Engage Reluctant Readers with Book Dating

Published On: June 20th, 2016·By ·

Need a fun way to engage reluctant readers?

It's easy to engage reluctant readers. All you need is a new approach like the one I found on Twitter recently, book dating. I watch social media closely and it's my job to share some of the hot topics on Twitter, Facebook, Pinterest, and other outlets that teachers, principals, students, and parents are contributing.

The idea behind book dating is simple: get students to think about choosing a book like they would a future girlfriend or boyfriend. This lets students accept the idea that “breaking up” with a book is okay and that you can “flirt” and go on a date or two before making a full commitment to that book. It works from the assumption that students don't actually hate reading, just boring reading. This encourages them to find reading they do not find boring by approaching it from a new angle. The idea comes from an article from We Are Teachers by Chase Mielke that they shared on their Twitter account.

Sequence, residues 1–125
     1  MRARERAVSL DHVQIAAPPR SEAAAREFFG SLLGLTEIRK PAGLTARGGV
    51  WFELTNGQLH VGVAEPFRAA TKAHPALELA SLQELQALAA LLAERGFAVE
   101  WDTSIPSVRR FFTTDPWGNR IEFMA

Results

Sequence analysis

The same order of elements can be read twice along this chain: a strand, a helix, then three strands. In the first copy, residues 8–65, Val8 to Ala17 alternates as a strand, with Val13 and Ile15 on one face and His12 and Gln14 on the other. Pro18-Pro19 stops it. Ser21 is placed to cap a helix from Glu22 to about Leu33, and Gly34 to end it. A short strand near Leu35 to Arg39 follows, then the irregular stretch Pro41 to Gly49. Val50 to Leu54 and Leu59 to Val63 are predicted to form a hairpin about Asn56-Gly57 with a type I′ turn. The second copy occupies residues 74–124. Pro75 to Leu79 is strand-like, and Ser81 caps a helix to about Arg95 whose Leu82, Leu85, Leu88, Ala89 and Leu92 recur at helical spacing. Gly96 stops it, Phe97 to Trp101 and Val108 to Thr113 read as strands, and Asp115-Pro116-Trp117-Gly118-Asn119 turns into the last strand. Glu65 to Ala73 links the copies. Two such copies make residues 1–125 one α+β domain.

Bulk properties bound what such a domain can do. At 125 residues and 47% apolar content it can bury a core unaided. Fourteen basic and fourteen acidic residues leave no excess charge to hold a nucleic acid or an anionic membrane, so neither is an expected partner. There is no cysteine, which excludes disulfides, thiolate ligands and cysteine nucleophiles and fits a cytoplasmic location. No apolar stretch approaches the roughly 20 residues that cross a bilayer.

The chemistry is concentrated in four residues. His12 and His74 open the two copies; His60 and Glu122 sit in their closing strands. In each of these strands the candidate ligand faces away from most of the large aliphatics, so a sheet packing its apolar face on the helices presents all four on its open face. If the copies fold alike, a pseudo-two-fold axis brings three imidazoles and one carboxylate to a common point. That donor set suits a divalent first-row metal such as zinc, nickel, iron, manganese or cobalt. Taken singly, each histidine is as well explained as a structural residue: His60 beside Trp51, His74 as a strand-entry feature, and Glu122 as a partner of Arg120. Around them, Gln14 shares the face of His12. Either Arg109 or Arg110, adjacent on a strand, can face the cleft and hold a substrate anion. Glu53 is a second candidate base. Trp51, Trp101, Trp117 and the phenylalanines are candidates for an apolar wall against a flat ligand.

engage reluctant readers, book dating

The article included an infographic that lists the stages you should guide students through on their book dating experience. There are seven stages in all. You can see the infographic below and read the full article here. The article also includes a fun idea where you have a “speed dating” experience, where students speed date books instead of people.

engage reluctant readers, book dating, tips to engage readers, get students reading ideas

If you're curious about other ways to engage reluctant readers, you could consider starting them on their reading experience by reading comics or another form of sequential art such as manga or graphic novels.  You can read all about that here.

What are some other ways you can encourage students to read? Have you ever tried book dating with your students? Do you believe the idea that students don't hate reading, just boring reading?

Tori Pakizer is the Social Media Editor at SimpleK12.com. She writes regularly about the use of educational technology in K-12 classrooms, and specializes in how teachers use Twitter, Facebook, Pinterest, and other social media. You can follow Tori and SimpleK12 on Twitter @SimpleK12. If you have ideas for using social media in schools, please send your information or tip to editor@simplek12.com.

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